Please see the PDF to the boil water notice here: 2021.05.14_boil water notice
The Special Called City Council meeting for tonight has been canceled due to the lack of a quorum. It will be rescheduled.
The City of Overton has a position open for a Utility Billing Clerk. Please go to https://tml.careerwebsite.com/job/utility-billing-clerk/56645524/ to view the job description, requirements, and employee application.
Rusk County Office of Emergency Management with Texas Department of Emergency Management and the Texas National Guard will host another Governors Abbott’s - Senior Initiative COVID-19 Vaccination Clinic Tuesday April 20th at the Henderson Civic Center located at 1500...
The March 2021 utility bills due 4/15/21 were mailed last week. The bill process revealed many customers with higher usage than normal. We believe this is from dripping faucets and/or leaks that occurred during the February Winter Weather Event. If you had a leak that...
History of Overton
The City of Overton, Texas located both in Rusk and Smith counties. Overton lies approximately 10 miles south of Kilgore (25 miles south of Longview), 15 miles west of Henderson and 20 miles southeast of Tyler.
The town was named after Major Frank Overton, an early settler and landowner who donated some of his land for the town site. It was platted in 1873 and a post office was granted that year.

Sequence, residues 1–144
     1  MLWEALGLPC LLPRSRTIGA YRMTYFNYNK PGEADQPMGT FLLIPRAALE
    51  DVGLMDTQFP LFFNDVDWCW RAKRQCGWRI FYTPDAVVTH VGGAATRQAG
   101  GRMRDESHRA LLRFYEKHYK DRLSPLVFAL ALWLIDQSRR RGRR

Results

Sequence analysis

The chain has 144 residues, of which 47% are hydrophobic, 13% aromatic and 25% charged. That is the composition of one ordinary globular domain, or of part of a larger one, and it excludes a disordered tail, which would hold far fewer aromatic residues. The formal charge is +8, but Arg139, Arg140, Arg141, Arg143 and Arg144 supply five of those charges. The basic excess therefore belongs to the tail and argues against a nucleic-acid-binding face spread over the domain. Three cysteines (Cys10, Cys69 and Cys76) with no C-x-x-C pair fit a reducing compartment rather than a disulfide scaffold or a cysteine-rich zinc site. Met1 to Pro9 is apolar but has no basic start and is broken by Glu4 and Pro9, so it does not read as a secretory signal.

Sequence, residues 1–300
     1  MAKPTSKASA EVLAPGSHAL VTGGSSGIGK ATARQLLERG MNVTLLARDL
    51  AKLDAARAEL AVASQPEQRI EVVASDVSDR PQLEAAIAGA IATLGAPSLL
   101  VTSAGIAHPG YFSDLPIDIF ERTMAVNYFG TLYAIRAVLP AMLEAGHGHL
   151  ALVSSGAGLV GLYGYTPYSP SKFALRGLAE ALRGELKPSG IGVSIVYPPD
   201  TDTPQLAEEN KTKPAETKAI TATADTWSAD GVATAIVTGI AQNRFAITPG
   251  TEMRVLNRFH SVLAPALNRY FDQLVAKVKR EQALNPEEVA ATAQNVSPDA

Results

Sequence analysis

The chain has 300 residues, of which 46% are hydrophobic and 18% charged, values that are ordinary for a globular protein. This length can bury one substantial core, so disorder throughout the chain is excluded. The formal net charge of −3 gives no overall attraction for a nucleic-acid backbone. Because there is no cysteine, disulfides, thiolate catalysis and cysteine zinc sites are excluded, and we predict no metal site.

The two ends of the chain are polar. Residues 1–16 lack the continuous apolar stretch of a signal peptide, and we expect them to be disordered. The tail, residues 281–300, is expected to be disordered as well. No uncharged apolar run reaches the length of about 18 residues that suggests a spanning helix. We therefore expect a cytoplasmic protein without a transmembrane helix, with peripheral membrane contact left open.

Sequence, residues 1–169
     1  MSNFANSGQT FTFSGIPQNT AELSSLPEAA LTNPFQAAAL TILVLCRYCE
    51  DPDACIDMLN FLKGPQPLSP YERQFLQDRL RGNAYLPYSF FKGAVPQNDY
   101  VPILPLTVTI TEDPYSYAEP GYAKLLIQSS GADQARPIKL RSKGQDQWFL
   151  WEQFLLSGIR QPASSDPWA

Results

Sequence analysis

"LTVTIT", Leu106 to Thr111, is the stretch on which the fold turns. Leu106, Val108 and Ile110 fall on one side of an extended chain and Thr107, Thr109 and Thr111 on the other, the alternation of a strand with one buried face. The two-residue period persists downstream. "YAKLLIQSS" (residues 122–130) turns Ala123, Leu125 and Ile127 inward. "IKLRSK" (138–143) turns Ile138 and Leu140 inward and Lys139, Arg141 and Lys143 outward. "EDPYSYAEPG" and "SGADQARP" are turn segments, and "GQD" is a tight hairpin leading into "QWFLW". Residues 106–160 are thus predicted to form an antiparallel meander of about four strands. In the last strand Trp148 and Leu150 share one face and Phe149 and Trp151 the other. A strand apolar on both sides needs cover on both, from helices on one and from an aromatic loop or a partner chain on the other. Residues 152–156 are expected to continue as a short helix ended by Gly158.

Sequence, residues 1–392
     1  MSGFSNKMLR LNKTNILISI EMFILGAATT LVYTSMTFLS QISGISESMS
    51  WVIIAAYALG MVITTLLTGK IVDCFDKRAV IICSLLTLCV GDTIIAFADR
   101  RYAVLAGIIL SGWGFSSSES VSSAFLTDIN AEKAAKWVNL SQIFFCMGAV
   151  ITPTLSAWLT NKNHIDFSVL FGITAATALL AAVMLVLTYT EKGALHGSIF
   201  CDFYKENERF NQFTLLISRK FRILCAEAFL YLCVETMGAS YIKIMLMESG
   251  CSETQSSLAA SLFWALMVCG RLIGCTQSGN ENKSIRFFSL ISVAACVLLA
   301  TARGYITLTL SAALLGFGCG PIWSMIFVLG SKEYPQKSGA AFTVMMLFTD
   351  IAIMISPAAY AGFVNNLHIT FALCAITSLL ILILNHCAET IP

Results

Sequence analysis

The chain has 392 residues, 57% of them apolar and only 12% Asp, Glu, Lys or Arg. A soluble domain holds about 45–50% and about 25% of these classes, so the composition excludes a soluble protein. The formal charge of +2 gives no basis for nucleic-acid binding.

Overton was originally intended to be a crossroads for two railroads. In 1875 the Henderson and Overton Branch Railroad, 16 miles long, was completed and was later joined by the International-Great Northern. When the nearby communities of Belleveu, Jamestown, Rocky Mount, and Salem were all bypassed by the railroad, Overton gained the businesses and people who wanted to benefit from the railroad lines. The town offered lots for businesses to relocate and many took the offer.
The Masons and Odd Fellows built the first school and a church was constructed in 1875. By 1888 the population had increased to 500 and had all essential businesses, including a newspaper. Overton prospered as an agricultural community and in 1904 the population had reached 568.
Oklahoman wildcatter C. M. (Dad) Joiner was drilling his third well in 1930 and the town of Overton helped raise the funds he needed to drill. When the well came in Overton, shared in Joiner’s success, as churches, schools, and a refinery were built. Hubbard College was founded during this time as well. The town’s once agrarian-based economy suddenly revolved entirely around the production of oil.
Overton’s population exploded from 426 in 1931 to 3,000 in 1933. By 1936 it was up to 4,500 and the town went through the Great Depression relatively unscathed. But by the end of World War II the population had declined by half – reaching just 2,000 in the 1950s and remaining at that level through the 1970s. In the 1980s Overton was Rusk County’s “second city” with a population of 2,430 in 1983. By the 1990s Overton extended into neighboring Smith County.